On the winds of a sweep

For the third consecutive day, the LSU baseball team went ahead of Auburn in the first inning and stayed there throughout, completing a series sweep with an 8-2 victory Sunday afternoon at Alex Box Stadium.

Chris Chinea’s two-run single was the key hit in a four-run first inning, and Alex Bregman extended his hit streak to 12 games with his fourth consecutive three-hit game.

Mark Laird and Mason Katz also had three hits each among LSU’s 13 hits.

Bregman is batting .509 during his hit streak and has raised his team-leading batting average to .422.

“Our offense was clicking this weekend,” Bregman said, “and I think getting out to leads really helped our pitching staff a lot.”

Left-hander Cody Glenn (4-1), who gave up six runs in 3.1 innings in his first Southeastern Conference start at Mississippi State a week earlier, limited Auburn to two runs on six hits in 7.2 innings. His career-long outing was also the longest by an LSU starter this season.

Auburn (15-9, 0-6) had a runner in every inning against Glenn except the fifth, but he stayed in control. Auburn scored seven runs in the series and didn’t have a multi-run

“We preach to our pitchers that when you get in a jam you have to minimize the damage,” LSU coach Paul Mainieri said. “We take a lot of pride in pitching in the clutch, and that was critical for us again today.”

Third-ranked LSU is 22-2 for the fourth time in school history, matching the record starts of the 1986, 1989 and 1997 teams. It is 5-1 in Southeastern Conference play for the second time in Mainieri’s seven seasons. LSU plays at Tulane on Tuesday.

“Once you win the first two games in a series, you have to smell that blood in the water,” Mainieri said. “You don’t get too many opportunities to sweep in this league, and you have to take advantage of them.

“I could tell our guys were very determined. They didn’t need any Knute Rockne speeches to get fired up for today, I can promise you that. They wanted to go out and sweep this series.”

LSU, which took a 3-0 lead in the first Friday and a 2-0 first-inning lead Saturday, scored four runs without hitting Auburn starter Will Kendall (0-1) hard.

Chris Sciambra led off with a popup that became a double when left fielder Cullen Wacker couldn’t handle it in wind that was gusting to 29 mph.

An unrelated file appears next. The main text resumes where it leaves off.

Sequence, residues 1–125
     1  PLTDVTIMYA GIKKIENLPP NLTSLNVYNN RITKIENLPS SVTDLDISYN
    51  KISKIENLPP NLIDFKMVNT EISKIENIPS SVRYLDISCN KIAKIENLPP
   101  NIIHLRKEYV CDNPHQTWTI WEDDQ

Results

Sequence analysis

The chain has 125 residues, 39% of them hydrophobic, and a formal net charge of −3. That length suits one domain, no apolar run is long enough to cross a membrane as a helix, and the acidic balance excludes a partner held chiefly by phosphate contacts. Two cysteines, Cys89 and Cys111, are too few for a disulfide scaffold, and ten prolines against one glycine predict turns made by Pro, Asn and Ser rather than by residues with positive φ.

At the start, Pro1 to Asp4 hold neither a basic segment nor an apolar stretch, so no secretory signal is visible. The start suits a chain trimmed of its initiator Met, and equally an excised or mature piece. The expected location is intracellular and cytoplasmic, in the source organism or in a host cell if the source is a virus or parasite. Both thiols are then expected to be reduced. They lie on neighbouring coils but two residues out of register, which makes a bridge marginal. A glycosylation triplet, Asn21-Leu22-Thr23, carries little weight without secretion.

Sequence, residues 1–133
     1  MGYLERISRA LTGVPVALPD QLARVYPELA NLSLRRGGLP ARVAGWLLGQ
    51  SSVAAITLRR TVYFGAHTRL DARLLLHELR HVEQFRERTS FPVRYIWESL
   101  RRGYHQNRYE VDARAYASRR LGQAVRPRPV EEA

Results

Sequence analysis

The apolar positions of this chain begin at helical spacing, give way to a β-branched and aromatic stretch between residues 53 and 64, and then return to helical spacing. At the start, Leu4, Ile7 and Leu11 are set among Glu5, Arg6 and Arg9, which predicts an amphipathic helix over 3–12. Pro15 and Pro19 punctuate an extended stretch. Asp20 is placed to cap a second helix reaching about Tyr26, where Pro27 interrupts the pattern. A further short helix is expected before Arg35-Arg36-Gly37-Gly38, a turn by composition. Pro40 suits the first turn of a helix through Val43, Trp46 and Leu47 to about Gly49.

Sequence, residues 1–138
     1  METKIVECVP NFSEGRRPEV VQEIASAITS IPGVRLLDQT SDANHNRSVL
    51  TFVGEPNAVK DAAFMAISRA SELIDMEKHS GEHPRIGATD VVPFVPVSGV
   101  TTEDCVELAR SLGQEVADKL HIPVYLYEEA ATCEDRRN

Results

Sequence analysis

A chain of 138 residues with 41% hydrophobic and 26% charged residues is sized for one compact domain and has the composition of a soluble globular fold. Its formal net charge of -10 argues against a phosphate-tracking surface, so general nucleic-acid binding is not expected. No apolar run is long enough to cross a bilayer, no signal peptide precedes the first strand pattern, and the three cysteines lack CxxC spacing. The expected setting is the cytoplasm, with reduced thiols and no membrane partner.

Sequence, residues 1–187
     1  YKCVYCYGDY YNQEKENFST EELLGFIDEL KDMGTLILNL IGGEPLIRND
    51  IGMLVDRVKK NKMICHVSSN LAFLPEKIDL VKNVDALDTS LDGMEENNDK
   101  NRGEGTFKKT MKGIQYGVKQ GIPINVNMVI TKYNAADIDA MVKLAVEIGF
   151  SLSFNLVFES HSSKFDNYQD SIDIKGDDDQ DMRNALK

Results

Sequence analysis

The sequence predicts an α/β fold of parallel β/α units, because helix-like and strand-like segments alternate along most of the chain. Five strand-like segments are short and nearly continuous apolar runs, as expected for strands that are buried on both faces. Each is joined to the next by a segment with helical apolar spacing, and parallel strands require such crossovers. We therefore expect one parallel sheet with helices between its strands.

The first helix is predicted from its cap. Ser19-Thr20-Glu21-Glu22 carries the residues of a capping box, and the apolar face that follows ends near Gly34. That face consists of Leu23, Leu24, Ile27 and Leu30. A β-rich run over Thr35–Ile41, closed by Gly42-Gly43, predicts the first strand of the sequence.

Laird followed with a liner that second baseman Jordan Ebert mishandled. Laird got a single as Sciambra held second.

Bregman and Raph Rhymes both hit into fielder’s choices, which sent Sciambra home. Katz beat out a dribbler to third, and Christian Ibarra and JaCoby Jones walked, forcing in the second run.

“I thought we had a lot of fortuitous hits especially in the first inning,” Mainieri said. “A lot of crazy things happened there.”

Jones’ walk brought starter Kendall’s pitch count to 36, just four shy of his predetermined limit, and coach John Pawlowski brought in reliever Terrance Dedrick. Chinea drove a 1-0 fastball from Dedrick into right-center to make it 4-0.

“I was looking for a pitch I could drive,” said Chinea, who started all three games as the designated hitter after getting just two starts before that. “Any at-bat you can get, you have to try and take advantage of it.”

Auburn scored a run in the second on Garrett Cooper’s one-out double and Blake Austin’s two-out single.

“The first two innings I was trying to be a little too perfect with my pitches,” Glenn said. “I was getting behind hitters and not putting myself in good situations.

“With the run support I got early, it was easy to settle in. After the second inning, I just decided that I was going to trust my pitches.”

LSU scored two in the second as Laird, Bregman and Rhymes had consecutive singles and
Dedrick threw a wild pitch.

The lead grew to 8-1 in the sixth on consecutive RBI doubles by Laird and Bregman.

Mainieri was able to rest set-up man Joey Bourgeois, who had pitched Friday and Saturday, thanks to Glenn lasting so long.

“All of a sudden Cody kind of got into a groove after the second inning,” Mainieri said. “I think he got his confidence up, and he settled in, which was great.”

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